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Venezuela's socialist mess

truth be told

Another socialist regime, another failure. Venezuela’s economy tanked under President (essentially dictator) Nicolás Maduro’s authoritarian regime, with its GDP contracting by 18.6 percent and inflation increasing by 800 percent in 2016. Venezuelans continue to be the subjects of a humanitarian crisis

Venezuela reflects the pitfalls of socialism as expressed by Nobel Prize economist Friedrich A. Hayek in his world famous book, “The Road to Serfdom.” Hayek explains the evils of socialism, which inherently requires an authoritarian system of government. As historical events continue to transpire, Hayek’s theories prove to hold true time and time again. 

Socialism relies on the central planning of the economy. The system leads to totalitarianism, whether it is democratically implemented or not. Additionally, socialist totalitarian states like Cuba and the Soviet Union proved that when the government controls the distribution and allocation of resources in an economy, fundamental inefficiencies and deficiencies arise that ultimately hurt citizens. It is unjust to have insulated bureaucrats determine what people are worth, as well as to allocate the supply of goods or services without sufficient mechanisms to assess the market and distribute resources appropriately. If the government essentially has full control over what and how much you can eat, in addition to the quantity and quality of medical care you receive, does the government not have control over you? 

Socialism’s appeal is deceptive to those it attracts. Proponents argue that socialist institutions provide equality and thus create continuous prosperity. However, socialism is innately undemocratic given that centralized planning requires coercive tactics in order to succeed.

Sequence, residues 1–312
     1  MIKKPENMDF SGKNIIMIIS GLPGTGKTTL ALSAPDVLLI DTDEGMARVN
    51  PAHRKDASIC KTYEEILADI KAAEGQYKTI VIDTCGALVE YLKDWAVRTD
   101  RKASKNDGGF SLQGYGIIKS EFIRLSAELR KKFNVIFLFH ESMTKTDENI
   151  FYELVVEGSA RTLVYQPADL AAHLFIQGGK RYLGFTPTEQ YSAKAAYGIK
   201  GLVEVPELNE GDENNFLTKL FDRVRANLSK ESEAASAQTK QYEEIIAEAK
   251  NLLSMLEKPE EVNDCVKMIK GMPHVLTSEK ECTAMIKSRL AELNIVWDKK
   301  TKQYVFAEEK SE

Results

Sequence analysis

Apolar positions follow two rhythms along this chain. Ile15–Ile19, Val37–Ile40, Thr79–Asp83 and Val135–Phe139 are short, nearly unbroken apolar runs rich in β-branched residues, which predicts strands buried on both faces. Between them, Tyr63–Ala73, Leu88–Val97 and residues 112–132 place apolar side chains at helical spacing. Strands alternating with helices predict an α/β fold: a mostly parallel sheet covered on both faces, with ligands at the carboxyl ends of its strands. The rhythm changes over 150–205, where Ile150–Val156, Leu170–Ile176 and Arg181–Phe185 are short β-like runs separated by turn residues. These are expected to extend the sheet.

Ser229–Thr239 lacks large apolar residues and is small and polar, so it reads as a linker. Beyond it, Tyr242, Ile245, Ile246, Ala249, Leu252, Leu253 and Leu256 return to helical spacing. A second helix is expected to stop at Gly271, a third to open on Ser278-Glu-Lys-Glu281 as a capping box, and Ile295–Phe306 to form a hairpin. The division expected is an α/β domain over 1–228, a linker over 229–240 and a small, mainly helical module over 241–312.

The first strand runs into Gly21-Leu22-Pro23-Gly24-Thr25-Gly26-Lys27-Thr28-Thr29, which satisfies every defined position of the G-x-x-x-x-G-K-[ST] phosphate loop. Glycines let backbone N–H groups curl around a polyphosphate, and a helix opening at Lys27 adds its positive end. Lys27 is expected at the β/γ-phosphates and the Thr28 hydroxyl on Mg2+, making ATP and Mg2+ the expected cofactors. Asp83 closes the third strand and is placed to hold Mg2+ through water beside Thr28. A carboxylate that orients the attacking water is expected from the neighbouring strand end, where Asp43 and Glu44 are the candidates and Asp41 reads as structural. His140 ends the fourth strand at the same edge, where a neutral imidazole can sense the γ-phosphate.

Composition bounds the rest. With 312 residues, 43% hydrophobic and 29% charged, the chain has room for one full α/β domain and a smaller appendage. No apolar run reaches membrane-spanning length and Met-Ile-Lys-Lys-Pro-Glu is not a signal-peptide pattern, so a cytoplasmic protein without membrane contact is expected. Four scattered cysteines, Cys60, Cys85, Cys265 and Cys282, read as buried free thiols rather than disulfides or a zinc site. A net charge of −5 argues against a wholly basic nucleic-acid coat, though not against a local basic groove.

Socialism is hypocritical in nature: its professed humanitarian aims can only be implemented by using brutal force. Furthermore, a government like Venezuela has immense and frightening power to coerce citizens, violate human rights, and restrict freedom by controlling the allocation of resources and consolidation of wealth. The only equality that ever exists in socialist societies is that every citizen is equally miserable. 

Venezuela’s citizens unfortunately have fallen victim to socialist turmoil as the country’s democratic institutions have been ripped to shreds. The economy is largely dependent on oil, which accounts for nearly of 50 percent of GDP and 100 percent of exports. Recent oil price slumps have sent the economy into shambles. In 2016, Venezuela faced extreme scarcities in toilet paper, diapers and milk. This forced over 6,000 people to enter Columbia to buy necessities. 

Food riots are frequent, and for good reason. In fact, 75 percent of Venezuelans lost an average of 18 pounds last year. Government corruption is also rampant. For instance, the state-owned oil company PDVSA has funneled $11 billion in payments to government officials between 2004 and 2005. Medicine and health care essentially have vanished, and protestors are met in the streets with terror and violence conducted by the Venezuelan military.